Beef is the culinary name for meat from cattle.

<span class="mw-page-title-main">Slaughterhouse</span> Facility where animals are slaughtered for meat

A slaughterhouse, also called an abattoir, is a facility where animals are slaughtered to provide food. Slaughterhouses supply meat, which then becomes the responsibility of a packaging facility.

<span class="mw-page-title-main">Animal husbandry</span> Management, selective breeding, and care of farm animals by humans

Animal husbandry is the branch of agriculture concerned with animals that are raised for meat, fibre, milk, or other products. It includes day-to-day care, selective breeding, and the raising of livestock. Husbandry has a long history, starting with the Neolithic Revolution when animals were first domesticated, from around 13,000 BC onwards, predating farming of the first crops. By the time of early civilisations such as ancient Egypt, cattle, sheep, goats, and pigs were being raised on farms.

<span class="mw-page-title-main">Meat-packing industry</span> Industrial production of food and by-products from animals

The meat-packing industry handles the slaughtering, processing, packaging, and distribution of meat from animals such as cattle, pigs, sheep and other livestock. Poultry is generally not included. This greater part of the entire meat industry is primarily focused on producing meat for human consumption, but it also yields a variety of by-products including hides, dried blood, protein meals such as meat & bone meal, and, through the process of rendering, fats.

<span class="mw-page-title-main">Ethics of eating meat</span> Food ethics topic

Conversations regarding the ethics of eating meat are focused on whether or not it is moral to eat non-human animals. Ultimately, this is a debate that has been ongoing for millennia, and it remains one of the most prominent topics in food ethics.

<span class="mw-page-title-main">Environmental vegetarianism</span> Type of practice of vegetarianism

Environmental vegetarianism is the practice of vegetarianism when motivated by the desire to create a sustainable diet that avoids the negative environmental impact of meat production. Livestock as a whole is estimated to be responsible for around 15% of global greenhouse gas emissions. As a result, significant reduction in meat consumption has been advocated by, among others, the Intergovernmental Panel on Climate Change in their 2019 special report and as part of the 2017 World Scientists' Warning to Humanity.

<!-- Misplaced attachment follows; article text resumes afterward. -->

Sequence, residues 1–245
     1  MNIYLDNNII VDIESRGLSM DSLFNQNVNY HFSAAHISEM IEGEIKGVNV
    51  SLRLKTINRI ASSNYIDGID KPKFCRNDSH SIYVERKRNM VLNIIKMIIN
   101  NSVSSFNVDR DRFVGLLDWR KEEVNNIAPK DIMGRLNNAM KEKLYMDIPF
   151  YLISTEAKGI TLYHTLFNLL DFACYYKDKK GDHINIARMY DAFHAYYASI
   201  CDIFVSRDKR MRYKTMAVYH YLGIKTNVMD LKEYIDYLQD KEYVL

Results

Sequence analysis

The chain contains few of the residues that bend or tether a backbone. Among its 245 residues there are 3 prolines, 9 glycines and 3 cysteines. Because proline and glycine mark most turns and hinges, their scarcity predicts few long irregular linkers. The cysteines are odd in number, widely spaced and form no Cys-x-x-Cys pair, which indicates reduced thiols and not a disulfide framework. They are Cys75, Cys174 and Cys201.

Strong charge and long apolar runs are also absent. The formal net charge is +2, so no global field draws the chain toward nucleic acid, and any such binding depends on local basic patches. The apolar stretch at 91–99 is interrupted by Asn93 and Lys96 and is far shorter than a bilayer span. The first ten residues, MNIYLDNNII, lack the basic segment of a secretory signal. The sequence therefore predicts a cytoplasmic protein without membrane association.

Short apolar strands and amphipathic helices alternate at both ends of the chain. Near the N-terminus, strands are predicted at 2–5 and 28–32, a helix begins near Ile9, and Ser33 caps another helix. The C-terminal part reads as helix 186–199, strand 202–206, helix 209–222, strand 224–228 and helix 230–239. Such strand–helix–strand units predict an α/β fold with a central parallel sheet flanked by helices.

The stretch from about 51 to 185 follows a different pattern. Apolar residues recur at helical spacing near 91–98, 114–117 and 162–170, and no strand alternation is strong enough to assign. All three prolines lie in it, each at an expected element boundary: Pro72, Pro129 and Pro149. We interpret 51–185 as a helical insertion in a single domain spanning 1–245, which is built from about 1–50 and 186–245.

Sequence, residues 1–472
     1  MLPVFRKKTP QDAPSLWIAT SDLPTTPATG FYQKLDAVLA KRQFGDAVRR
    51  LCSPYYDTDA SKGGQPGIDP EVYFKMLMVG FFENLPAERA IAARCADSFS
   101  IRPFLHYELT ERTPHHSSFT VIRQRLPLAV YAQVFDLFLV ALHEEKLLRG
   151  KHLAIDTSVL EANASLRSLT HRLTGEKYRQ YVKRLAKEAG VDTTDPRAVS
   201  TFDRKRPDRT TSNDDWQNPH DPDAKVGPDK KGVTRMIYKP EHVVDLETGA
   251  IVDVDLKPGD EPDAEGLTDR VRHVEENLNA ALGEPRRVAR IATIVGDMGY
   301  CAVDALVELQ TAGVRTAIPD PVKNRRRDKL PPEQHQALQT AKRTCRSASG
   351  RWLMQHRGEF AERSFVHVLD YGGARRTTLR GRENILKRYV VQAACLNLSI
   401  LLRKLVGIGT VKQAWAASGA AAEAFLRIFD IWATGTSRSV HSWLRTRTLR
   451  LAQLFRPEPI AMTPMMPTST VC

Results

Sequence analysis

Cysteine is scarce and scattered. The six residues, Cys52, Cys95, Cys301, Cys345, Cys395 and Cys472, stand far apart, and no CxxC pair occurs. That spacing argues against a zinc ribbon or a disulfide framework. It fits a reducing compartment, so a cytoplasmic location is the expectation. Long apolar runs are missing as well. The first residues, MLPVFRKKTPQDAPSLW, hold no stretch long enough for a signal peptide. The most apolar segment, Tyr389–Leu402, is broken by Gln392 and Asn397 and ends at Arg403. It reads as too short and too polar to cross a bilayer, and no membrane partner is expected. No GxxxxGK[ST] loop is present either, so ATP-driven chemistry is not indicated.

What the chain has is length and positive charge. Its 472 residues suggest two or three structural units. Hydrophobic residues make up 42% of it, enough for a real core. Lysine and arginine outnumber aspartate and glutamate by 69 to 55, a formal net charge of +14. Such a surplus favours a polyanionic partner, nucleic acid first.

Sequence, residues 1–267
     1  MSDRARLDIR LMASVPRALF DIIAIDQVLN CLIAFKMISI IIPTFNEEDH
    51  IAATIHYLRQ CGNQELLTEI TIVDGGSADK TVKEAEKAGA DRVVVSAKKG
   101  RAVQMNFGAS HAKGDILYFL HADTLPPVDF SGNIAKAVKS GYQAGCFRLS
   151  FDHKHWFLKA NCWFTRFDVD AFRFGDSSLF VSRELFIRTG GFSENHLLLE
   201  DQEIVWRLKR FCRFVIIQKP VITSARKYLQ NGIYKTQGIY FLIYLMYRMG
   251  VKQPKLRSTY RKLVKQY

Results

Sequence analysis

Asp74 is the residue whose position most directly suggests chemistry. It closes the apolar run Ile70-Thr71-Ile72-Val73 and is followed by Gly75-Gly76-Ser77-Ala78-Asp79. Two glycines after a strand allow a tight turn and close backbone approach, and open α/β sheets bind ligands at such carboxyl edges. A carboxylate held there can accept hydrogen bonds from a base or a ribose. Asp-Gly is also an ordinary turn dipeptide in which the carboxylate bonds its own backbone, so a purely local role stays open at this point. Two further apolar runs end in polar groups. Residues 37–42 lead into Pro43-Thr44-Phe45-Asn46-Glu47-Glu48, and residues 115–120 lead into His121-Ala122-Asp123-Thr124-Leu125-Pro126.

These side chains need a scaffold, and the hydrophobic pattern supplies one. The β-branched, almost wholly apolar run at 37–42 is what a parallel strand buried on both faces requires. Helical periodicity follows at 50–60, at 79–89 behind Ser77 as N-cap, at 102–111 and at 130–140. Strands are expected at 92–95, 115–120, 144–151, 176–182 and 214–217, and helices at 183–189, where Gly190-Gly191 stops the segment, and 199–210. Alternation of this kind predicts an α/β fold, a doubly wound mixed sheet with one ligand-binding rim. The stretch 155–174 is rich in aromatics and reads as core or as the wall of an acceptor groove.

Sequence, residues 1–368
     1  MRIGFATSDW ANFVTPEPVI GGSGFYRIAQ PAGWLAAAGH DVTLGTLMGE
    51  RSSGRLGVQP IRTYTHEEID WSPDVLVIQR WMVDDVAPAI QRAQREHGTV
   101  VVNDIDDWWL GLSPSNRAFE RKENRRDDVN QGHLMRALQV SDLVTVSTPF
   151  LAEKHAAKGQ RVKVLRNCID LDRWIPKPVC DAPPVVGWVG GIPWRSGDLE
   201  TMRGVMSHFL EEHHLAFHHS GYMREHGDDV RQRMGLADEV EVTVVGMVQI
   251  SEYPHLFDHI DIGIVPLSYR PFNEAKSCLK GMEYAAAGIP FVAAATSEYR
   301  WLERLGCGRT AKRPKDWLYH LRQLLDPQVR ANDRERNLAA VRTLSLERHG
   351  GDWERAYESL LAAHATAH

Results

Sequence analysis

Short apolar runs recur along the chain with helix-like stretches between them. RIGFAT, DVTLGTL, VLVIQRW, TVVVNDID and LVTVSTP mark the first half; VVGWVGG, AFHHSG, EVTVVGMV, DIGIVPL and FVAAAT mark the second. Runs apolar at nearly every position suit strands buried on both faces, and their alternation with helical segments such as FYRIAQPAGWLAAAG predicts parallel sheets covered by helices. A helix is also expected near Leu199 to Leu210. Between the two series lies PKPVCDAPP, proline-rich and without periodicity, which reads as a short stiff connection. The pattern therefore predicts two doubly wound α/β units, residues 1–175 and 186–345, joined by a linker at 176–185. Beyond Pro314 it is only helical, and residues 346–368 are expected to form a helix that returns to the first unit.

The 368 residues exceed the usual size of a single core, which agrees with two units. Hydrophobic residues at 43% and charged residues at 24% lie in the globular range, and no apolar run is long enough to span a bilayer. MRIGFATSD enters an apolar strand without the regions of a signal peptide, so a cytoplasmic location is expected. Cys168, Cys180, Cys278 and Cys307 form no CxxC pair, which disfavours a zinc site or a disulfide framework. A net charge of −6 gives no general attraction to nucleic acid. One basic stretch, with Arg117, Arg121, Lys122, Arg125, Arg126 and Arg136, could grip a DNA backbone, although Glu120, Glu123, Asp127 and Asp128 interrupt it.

<span class="mw-page-title-main">Humane Slaughter Act</span> United States federal law

The Humane Slaughter Act, or the Humane Methods of Livestock Slaughter Act, is a United States federal law designed to decrease suffering of livestock during slaughter. It was approved on August 27, 1958. The most notable of these requirements is the need to have an animal completely sedated and insensible to pain. This is to minimize the suffering to the point where the animal feels nothing at all, instead blacking out and never waking. This differs from animal to animal as size increases and decreases. Larger animals such as bovines require a stronger method than chickens, for example. Bovines require electronarcosis or something equally potent, though electronarcosis remains a standard. The bovine would have a device placed on their head that, once activated, sends an electric charge that efficiently and safely stuns them. Chickens, on the other hand, require much less current to be efficiently sedated and are given a run under electrically charged water. To ensure that these guidelines are met, The Food Safety and Inspection Service inspectors at slaughtering plants are responsible for overseeing compliance, and have the authority to stop slaughter lines and order plant employees to take corrective actions. Although more than 168 million chickens and around 9 billion broiler chickens are killed for food in the United States yearly, the Humane Slaughter Act specifically mentions only cattle, calves, horses, mules, sheep and swine.